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In one of my aerodynamics classes i need to use the following derivation to convert the velocity components u and v to a polar coordinate system:

$$ v_r = u \cos(\theta) + v \sin(\theta) \\ v_t = v \cos(\theta) - u \sin(\theta) $$

I'm trying to get to this derivation to understand it but I cant figure it out. Can someone show me how they converted the velocity in Cartesian coordinate's to polar coordinates? enter image description here

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    $\begingroup$ The position vector $\mathbf{r}$ is defined as $[~x~~y~]$ in the standard basis or in polar coordinates as $(~r\cos\theta~~r\sin\theta~)$. Take time derivatives of each component and use the chain rule. $\endgroup$
    – K.defaoite
    Dec 18, 2020 at 15:44
  • $\begingroup$ physics.stackexchange.com/questions/258629/… $\endgroup$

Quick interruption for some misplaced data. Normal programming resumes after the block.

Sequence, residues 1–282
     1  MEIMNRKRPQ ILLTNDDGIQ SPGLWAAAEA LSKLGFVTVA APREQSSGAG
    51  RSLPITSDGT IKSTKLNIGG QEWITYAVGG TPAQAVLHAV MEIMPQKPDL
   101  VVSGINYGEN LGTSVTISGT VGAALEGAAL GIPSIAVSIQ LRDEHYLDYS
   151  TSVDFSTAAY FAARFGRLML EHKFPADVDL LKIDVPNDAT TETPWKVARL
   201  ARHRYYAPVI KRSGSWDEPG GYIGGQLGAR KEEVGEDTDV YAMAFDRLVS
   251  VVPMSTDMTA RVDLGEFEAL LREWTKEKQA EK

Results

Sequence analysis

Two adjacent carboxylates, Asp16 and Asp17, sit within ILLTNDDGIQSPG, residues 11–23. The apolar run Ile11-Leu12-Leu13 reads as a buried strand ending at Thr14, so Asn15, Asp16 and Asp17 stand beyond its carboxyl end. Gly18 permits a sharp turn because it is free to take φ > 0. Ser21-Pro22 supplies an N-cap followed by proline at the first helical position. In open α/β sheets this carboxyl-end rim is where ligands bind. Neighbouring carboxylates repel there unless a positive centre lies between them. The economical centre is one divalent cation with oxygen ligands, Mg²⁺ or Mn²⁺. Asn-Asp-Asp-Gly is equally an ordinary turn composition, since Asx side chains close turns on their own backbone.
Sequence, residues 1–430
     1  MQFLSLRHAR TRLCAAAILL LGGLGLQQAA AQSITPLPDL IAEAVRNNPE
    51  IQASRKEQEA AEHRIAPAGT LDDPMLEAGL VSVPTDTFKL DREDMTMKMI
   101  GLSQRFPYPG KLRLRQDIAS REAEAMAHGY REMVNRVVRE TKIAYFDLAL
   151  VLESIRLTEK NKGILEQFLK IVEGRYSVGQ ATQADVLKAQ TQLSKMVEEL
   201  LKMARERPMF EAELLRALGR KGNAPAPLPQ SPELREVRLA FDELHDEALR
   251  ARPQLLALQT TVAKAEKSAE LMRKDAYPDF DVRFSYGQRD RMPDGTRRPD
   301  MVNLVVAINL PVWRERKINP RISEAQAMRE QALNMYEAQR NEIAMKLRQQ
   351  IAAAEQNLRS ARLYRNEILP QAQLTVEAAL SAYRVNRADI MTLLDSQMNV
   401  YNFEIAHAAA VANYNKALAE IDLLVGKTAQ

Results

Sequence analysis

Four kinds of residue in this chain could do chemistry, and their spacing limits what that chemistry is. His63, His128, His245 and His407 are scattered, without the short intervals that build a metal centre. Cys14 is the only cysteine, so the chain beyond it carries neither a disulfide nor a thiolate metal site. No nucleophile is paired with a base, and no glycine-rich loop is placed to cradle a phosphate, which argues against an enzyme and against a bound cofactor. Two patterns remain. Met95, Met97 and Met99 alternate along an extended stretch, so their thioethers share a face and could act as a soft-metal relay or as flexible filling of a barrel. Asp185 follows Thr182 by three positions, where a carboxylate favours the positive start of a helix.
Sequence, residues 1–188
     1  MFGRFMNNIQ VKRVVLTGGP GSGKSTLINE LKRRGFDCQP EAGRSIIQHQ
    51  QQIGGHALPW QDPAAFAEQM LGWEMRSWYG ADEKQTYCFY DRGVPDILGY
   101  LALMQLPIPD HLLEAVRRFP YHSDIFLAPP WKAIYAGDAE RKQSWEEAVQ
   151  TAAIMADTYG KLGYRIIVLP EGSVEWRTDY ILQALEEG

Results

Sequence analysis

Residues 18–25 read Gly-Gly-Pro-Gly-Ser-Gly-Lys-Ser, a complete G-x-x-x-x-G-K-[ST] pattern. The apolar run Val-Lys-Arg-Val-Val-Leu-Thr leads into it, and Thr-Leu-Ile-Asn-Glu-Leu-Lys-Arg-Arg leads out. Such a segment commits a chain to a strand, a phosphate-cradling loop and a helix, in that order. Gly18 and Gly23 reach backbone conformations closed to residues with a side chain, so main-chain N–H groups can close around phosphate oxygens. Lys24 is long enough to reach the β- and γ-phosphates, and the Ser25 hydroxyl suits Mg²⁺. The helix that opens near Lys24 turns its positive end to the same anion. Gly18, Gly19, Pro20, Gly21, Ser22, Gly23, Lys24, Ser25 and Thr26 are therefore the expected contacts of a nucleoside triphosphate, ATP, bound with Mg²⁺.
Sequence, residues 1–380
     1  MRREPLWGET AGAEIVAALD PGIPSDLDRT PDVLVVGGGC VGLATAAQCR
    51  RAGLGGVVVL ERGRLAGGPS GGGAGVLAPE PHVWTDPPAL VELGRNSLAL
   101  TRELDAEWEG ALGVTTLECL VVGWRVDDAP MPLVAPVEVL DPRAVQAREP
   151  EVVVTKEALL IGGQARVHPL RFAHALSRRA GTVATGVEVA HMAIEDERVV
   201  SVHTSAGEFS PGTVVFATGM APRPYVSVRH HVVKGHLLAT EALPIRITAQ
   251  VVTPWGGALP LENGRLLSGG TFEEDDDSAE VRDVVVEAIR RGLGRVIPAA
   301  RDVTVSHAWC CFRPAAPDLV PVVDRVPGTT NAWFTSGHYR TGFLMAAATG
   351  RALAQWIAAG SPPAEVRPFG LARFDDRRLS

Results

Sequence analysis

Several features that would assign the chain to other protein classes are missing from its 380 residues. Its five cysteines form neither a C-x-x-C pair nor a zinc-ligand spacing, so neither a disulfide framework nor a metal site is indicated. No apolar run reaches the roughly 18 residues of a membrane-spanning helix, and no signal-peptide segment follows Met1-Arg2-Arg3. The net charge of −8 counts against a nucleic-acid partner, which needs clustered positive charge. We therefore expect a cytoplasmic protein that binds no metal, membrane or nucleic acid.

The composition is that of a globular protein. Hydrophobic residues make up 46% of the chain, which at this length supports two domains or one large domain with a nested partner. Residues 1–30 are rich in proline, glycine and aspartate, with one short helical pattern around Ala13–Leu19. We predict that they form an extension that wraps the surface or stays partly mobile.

– caverac
    Dec 18, 2020 at 15:45

1 Answer 1

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Let us introduce $[x, y]^T = [r\cos\theta, r\sin\theta]^T$. The velocity is given by time derivative of this position vector.

$$ \begin{bmatrix} \dot{x}\\ \dot{y}\\ \end{bmatrix} = \begin{bmatrix} \dot{r}\cos\theta -r\sin \theta~\dot{\theta} \\ \dot{r}\sin\theta + r\cos\theta~\dot{\theta}\\ \end{bmatrix} $$

$$ \implies \begin{bmatrix} \dot{x}\\ \dot{y}\\ \end{bmatrix} =\begin{bmatrix} \cos\theta & -r\sin \theta\\ \sin\theta &+ r\cos \theta \\ \end{bmatrix}\begin{bmatrix}\dot{r}\\ \dot{\theta}\end{bmatrix} $$

Now, invert the matrix on the right hand side and you will arrive at the expression in your question.

$$ \implies \begin{bmatrix} \dot{r}\\ \dot{\theta}\\ \end{bmatrix} =\dfrac{1}{r}\begin{bmatrix} r\cos\theta & r\sin \theta\\ -\sin\theta &+ \cos \theta \\ \end{bmatrix}\begin{bmatrix}\dot{x}\\ \dot{y}\end{bmatrix} $$

$$ \implies \begin{bmatrix} \dot{r}\\ \dot{\theta}\\ \end{bmatrix} =\begin{bmatrix} \cos(\theta)~\dot{x} + \sin(\theta)~\dot{y}\\ -\dfrac{1}{r}\sin(\theta)~\dot{x}+ \dfrac{1}{r}\cos(\theta)~\dot{y} \\ \end{bmatrix} $$

$$ \implies \begin{bmatrix} \dot{r}\\ r\dot{\theta}\\ \end{bmatrix} =\begin{bmatrix} \cos\theta~\dot{x} + \sin\theta~\dot{y}\\ -\sin\theta~\dot{x}+ \cos\theta~\dot{y} \\ \end{bmatrix} $$

Note that $v_t=r\dot{\theta}$.

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